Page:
A lot has changed in the search marketing conference industry in the past year. The biggest news being the addition of Kevin Ryan to oversee Search Engine Watch and Search Engine Strategies along with the departure of Danny Sullivan from SES to start his own venture, Third Door Media and the Search Marketing Expo or SMX series of conferences.
Additional news includes the success of new conferences like MediaPost’s Search Insider Summit, programmed by David Berkowitz as well as the reduction in conference dates for Brett Tabke’s WebmasterWorld’s Pubcon down to one (albeit, temporarily) in Las Vegas. With the number of new and niche conferences popping up it begs the question as to whether the market demand can support so many events?
Can SES, SIS, SMX, Pubcon and New SEM Conferences Coexist and Succeed?
- Yes (69%, 65 Votes)
- No (17%, 16 Votes)
- Maybe - see my explanation in the comments (14%, 13 Votes)
Total Voters: 94
Every time someone polls the audience at a SES conference, “How many people are new to the event?”, over 50% raise their hands. It’s a staunch reminder of how many people are in need of an education in the SEM business. Not only is there a need to ramp up on basic knowledge, but there’s a need for ongoing education as well. What other industry changes as often and as frequently as the search marketing business?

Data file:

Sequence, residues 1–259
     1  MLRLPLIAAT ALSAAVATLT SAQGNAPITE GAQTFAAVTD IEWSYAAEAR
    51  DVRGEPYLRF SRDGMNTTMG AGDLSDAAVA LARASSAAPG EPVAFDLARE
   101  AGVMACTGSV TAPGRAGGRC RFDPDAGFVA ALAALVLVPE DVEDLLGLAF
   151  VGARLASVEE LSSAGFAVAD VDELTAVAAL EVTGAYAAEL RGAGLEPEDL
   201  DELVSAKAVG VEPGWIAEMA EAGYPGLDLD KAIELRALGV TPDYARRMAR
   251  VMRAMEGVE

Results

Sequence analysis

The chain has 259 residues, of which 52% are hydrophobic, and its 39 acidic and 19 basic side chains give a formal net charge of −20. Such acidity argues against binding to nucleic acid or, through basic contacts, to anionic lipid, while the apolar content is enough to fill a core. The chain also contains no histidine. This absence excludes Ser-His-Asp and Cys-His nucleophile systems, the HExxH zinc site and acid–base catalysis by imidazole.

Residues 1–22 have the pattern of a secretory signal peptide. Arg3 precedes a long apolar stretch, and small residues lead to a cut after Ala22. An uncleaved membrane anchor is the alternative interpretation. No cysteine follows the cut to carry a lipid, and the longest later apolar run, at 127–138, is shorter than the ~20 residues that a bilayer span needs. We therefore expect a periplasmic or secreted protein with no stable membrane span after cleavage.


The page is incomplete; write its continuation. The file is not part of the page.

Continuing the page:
At the same time, as established marketing conferences such as the DMA and industry specific events add search marketing sessions to their programming, others such as ad:tech have actually cut back on the overall number of SEO and PPC related offereings.
I for one, am pretty optimistic about multiple conferences being able to succeed financially and in their ability to deliver value to the growing need for search marketing knowledge.
What is your opinion on this? Are there too many options out there? Are the established conferences meeting market demand or are they saturating the industry with too many broad and niche offerings?